In Cool Gray City of Love, local author Gary Kamiya declares that “... Glen Park now holds the James Taylor title as Country Road Capital of San Francisco.” Sure enough, a trip to the neighborhood reveals three dusty roads—Poppy Lane, Penny Lane and Ohlone Way—snaking their way through the middle of the city, paying no heed to the hard-edged urban landscape around them.
Surfaced with loose gravel, dirt, vegetation and pine needles, these soft streets sneak between back yards, their boundaries defined by leaning fences and lush flowering bushes. If it wasn't for the occasional honking horn or the distant rumble of BART, you'd swear you were wandering the countryside.
Evelyn Rose, chair and founder of the award-winning Glen Park Neighborhoods History Project, tells us that these lanes were originally constructed as carriageways. Walking along Ohlone Way, you'll see a few of the old carriage houses lining the path, and half expect a horse to come trotting around the bend.
Poppy Lane, the longest of the three roads, spans both sides of Diamond Street, beginning at Conrad Street and dead-ending into a wild brush above Bemis Street on a steep hillside overlooking the city. Trees arch over the rough road as it rolls along. A scattering of garages face the lane allowing for limited local vehicle access.
East of Diamond Street between Sussex and Surrey streets, Penny Lane meanders along the hillside framed by bougainvillea, wild roses and nasturtium - a veritable butterfly heaven. Backyard gates line the road, ready to open onto this linear paradise. After about 200 yards, the road ends and a landscaped stairway steps down to Surrey Street, a project designed and constructed by neighborhood residents.According to a history of the lanes compiled by Ms. Rose, Ohlone Way remained nameless until 1992. An adjacent property owner cleared the brush that had accumulated in the alley and spearheaded an effort to name the passageway after the Native Americans who had once lived in the Bay Area. Ohlone Way is very narrow—about 13 feet wide—and with a steep slope to Sussex Street, vehicle access is strongly discouraged.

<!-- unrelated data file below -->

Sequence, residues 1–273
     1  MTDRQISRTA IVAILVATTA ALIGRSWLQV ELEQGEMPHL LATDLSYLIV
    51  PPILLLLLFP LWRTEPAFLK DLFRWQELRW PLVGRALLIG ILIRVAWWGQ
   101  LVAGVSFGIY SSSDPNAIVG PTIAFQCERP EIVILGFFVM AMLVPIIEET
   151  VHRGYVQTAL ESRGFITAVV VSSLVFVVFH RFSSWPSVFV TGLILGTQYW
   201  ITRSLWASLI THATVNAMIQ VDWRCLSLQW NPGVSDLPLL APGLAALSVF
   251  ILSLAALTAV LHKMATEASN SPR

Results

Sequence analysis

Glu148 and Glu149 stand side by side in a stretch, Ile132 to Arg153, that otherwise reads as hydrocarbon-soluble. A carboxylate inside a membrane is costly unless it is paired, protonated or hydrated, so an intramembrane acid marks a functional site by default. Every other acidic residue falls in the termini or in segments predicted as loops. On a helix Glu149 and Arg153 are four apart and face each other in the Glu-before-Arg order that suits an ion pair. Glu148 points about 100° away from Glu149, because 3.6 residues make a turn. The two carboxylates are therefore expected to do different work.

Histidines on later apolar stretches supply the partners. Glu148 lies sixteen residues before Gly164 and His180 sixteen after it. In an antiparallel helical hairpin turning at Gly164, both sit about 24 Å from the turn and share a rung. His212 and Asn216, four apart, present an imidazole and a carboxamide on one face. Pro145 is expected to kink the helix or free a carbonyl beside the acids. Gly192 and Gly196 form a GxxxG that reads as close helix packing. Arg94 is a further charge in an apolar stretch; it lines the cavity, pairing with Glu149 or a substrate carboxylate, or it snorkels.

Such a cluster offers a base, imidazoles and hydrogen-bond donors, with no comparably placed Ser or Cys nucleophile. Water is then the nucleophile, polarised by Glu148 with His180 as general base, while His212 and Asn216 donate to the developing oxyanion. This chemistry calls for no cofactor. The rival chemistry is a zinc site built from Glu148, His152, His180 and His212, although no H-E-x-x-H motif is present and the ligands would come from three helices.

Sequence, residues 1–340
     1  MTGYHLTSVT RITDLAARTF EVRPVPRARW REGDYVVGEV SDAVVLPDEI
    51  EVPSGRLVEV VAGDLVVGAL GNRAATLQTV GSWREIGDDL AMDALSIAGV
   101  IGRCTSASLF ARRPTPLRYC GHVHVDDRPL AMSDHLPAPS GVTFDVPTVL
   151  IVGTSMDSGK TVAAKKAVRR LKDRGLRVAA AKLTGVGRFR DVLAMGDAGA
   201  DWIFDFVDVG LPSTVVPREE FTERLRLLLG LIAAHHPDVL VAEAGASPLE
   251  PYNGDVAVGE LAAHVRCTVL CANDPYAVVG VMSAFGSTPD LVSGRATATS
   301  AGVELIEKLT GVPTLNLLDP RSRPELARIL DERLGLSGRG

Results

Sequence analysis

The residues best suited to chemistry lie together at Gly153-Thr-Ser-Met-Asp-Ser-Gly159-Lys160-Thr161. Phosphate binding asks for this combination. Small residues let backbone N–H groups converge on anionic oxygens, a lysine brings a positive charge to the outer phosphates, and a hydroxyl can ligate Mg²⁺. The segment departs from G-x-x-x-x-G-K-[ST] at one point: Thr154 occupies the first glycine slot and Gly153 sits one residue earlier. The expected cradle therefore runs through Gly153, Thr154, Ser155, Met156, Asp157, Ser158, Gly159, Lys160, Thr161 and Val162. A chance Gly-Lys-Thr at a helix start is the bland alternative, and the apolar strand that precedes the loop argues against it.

The unpaved roads are shown on maps and marked with street signs. All of these streets, totaling one-half mile, are owned but not maintained by the city. The Department of Public Works calls them "unaccepted streets" because these rights-of-ways do not meet city standards for street construction. Your first instinct might be to feel sorry for these remnants of the past that have been excluded from the official public road network, but they are cared for by adjacent property owners.
San Francisco Public Works tells us there are approximately 1,017 miles of streets in the city and approximately 869 of those miles are "accepted streets," maintained by the department. "Paper streets," those that are planned but not yet developed, are included in the total mileage of city streets. Found in such places as Hunters Point, Treasure Island and Yerba Buena Island, paper streets will likely be added to the list of accepted streets once they are constructed.
There is no official city inventory of natural surface streets, but there are more out there, hiding among their paved cousins, waiting for you to discover them.
Getting there: A short walk up Diamond Street from the Glen Park BART station or a ride on the Muni 52-Excelsior bus takes you to these rural outposts. The streets are clustered near Diamond, between Moffitt and Surrey streets.
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